Layoffs in Ann Arbor Fire Department could come early next year because of state revenue cuts
Updated On: Jun 13, 2009

Layoffs in Ann Arbor Fire Department could come early next year because of state revenue cuts

by Judy McGovern | The Ann Arbor News
Tuesday May 12, 2009, 12:26 AM

Ann Arbor firefighters show off their equipment during an open house last year.

A reduction in state revenue could prompt Ann Arbor to lay off firefighters early next year.

City Administrator Roger Fraser Monday recommended that City Council members wait until January to see whether they need to make the cut to offset the $257,281 reduction in state revenue announced last week.

Fraser's two-year budget plan had called for eliminating 14 positions in the fire department in fiscal year 2010-11. If the move needs to be made earlier, Fraser said he'd recommend laying off nine firefighters, taking one truck out of service.

"Our approach in the coming year is to be extremely frugal," he said.

The city will operate with a near hiring freeze, filling only the most critical positions, Fraser said.

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At a glance

• The City Council is expected to approve a budget Monday, May 18.

• The city of Ann Arbor's fiscal year runs July 1 to June 30.

• The proposed budgets for the 2009-10 and 2010-11 fiscal years call for reducing spending to $85 million and $82 million, respectively, to pull spending back in line with shrinking tax revenue.

• Revenue from real estate taxes is expected to shrink 1.2 percent in fiscal year 2009-10 and 5.2 percent in 2010-11.

• A detailed budget proposal is available on the city's Web site. Scroll down to the "proposed budget book" or follow this link, but be warned - it's a big PDF.


Although the fire department layoffs proposed for 2010-11 had drawn little public comment from City Council members, several expressed concern about the potentially accelerated schedule Monday.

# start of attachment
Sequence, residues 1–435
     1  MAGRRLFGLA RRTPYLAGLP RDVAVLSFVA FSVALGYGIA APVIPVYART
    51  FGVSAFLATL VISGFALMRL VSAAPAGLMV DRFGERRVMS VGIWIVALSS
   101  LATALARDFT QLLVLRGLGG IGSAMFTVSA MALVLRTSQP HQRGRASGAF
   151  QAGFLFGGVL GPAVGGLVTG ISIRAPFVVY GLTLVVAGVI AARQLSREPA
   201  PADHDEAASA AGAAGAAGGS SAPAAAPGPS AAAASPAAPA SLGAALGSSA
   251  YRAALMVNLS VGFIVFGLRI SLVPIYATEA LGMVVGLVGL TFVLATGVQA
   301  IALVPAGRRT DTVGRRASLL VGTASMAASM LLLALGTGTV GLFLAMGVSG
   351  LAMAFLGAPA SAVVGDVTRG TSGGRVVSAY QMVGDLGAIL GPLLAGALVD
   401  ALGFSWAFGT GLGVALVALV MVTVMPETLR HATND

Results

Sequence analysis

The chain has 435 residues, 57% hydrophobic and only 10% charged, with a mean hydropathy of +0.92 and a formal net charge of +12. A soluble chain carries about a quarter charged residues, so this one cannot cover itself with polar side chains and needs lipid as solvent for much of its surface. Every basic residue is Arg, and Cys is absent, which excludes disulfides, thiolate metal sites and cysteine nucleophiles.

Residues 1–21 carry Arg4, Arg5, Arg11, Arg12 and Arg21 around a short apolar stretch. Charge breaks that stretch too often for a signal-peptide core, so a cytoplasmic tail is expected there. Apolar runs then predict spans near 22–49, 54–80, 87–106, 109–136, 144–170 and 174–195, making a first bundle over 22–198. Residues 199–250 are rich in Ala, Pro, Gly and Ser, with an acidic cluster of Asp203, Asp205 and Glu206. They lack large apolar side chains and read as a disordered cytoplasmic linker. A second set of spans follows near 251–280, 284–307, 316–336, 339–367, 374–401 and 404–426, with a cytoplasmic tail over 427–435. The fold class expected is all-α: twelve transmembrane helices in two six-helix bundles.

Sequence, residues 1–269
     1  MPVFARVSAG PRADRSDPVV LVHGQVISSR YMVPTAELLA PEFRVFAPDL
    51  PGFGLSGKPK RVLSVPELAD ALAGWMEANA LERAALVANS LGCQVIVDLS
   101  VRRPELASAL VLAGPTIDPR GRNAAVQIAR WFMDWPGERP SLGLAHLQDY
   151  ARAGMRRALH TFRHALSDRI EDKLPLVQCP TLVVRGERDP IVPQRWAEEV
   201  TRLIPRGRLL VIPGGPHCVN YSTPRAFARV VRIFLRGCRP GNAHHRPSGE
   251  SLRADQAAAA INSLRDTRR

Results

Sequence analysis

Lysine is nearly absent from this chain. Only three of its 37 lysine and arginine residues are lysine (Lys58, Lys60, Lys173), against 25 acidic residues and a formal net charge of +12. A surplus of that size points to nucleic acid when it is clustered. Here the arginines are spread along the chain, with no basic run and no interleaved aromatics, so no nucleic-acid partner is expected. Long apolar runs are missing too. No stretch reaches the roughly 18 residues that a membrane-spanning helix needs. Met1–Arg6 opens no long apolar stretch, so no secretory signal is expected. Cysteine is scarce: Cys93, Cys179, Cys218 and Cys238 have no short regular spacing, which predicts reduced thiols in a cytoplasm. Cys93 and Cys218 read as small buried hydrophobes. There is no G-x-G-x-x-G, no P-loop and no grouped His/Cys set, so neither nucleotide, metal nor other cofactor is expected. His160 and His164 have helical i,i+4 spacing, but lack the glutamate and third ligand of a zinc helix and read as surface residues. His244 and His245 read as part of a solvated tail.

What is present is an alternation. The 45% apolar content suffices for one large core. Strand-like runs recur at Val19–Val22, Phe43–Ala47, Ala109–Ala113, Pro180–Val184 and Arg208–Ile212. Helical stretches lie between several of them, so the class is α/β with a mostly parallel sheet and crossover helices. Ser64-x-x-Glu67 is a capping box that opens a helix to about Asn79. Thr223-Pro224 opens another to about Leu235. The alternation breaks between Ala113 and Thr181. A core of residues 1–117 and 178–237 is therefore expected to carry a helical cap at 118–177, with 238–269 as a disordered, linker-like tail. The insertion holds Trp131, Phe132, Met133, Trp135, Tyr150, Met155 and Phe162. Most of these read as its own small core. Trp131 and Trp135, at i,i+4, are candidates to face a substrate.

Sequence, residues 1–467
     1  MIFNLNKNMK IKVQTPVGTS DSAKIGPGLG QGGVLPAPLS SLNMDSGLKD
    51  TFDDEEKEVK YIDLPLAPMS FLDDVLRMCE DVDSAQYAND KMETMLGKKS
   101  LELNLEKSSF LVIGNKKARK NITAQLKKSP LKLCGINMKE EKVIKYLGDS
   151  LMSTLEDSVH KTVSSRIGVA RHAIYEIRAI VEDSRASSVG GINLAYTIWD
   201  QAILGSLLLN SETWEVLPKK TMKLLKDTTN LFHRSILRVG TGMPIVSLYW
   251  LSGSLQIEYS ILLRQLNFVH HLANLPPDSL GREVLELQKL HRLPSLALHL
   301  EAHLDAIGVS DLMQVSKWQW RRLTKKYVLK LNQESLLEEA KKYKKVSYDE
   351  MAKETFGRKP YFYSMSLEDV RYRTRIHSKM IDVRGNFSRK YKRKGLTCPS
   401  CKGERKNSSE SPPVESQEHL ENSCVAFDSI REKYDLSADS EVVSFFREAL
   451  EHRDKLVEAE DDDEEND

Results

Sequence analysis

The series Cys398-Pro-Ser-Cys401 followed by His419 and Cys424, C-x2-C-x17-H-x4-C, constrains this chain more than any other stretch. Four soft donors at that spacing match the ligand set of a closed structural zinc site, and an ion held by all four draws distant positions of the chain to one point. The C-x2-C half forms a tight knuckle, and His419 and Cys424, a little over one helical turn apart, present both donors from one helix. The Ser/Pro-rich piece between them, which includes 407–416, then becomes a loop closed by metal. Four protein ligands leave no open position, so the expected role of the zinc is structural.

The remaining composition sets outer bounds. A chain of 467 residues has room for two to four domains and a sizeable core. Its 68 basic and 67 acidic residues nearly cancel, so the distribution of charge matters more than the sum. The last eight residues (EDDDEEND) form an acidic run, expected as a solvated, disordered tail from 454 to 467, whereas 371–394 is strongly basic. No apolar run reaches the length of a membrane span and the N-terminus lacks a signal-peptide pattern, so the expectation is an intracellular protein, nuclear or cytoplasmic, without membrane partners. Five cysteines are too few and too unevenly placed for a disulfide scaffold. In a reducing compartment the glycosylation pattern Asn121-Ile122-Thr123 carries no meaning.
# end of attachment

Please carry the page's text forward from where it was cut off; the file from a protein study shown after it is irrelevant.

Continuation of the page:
Council Member Stephen Rapundalo and Mayor John Hieftje both asked for information about how the reductions would affect response time and public safety. Hieftje pressed for identifying another option.

In fact, other initiatives could make a difference.

Ann Arbor continues to talk with neighboring communities about a regional approach to fire services. Those talks could yield results that would influence the budget by year's end, Fraser said.

It's also possible than more city police officers than expected will take an early-retirement offer, he said. That would reduce costs. Some 16 to 18 officers are eligible, but fewer were expected to leave the department.

Other changes in the police department occupied a good deal of the council's time Monday.

Downtown beat cops

Police Chief Barnett Jones fielded questions about the elimination of downtown beat cops and half a dozen community-standards officers, responsible for parking and other code enforcement.

"We got spoiled but times have changed," Jones said of the once 190-member department that allowed dedicated downtown officers. The police department now has 148 sworn officers.

"The changes we're making let us keep our patrol exactly as it is. Those are the priorities: patrol, dispatch and detectives," he said. "What I need to do is keep our level of strength up on the street and in investigation."

While the arrangement downtown will be different, there should be no net loss of police presence, Jones said. "Instead of six officers the downtown business people will see many others."

All patrol officers are to spend on hour out of their cars on foot, or on a bike, every shift, he said. Many of those hours will be spent in the downtown.

Parking revenue

In addition, patrol officers will write more tickets for parking violations.

Numerous council members wondered whether the sworn officers would issue as many citations as the civilian community-standards officers. The budget anticipates $2.1 million in revenue, unchanged from this year.

Jones assured city officials that the patrol officers would do the work.

Council members also appeared skeptical about a still-evolving plan to install parking meters that would be operated outside the Downtown Development Authority parking system.

Maps of the proposed new metered streets have not been available to the News or, as of Monday, to City Council members. A presentation Monday showed locations streets near the University of Michigan hospitals as well as west of downtown around YMCA and north of downtown around Depot Street.

The DDA's plan has been to steer drivers into parking structures in town or into park-and-ride lots outside the central business district, said Council Member Sandi Smith. The proposed new on-street meters seem at odds with that strategy, she said.

Council Member Carsten Hohnke noted that the targeted areas are in "near downtown" neighborhoods. "Meters suggest commercial activity nearby. We want to guard against commercial spillover."

City staffers suggested the meters could provide relief for neighborhoods clogged by commuters parking. But the goal is generating new revenue - roughly $350,000 a year. And whatever their reservations, no council members called for abandoning the idea.

Judy McGovern can be reached at 734-994-6863 or jmcgovern@annarbornews.com.

Contact Info
Ann Arbor Firefighters Local 693

Ann Arbor, MI 48104

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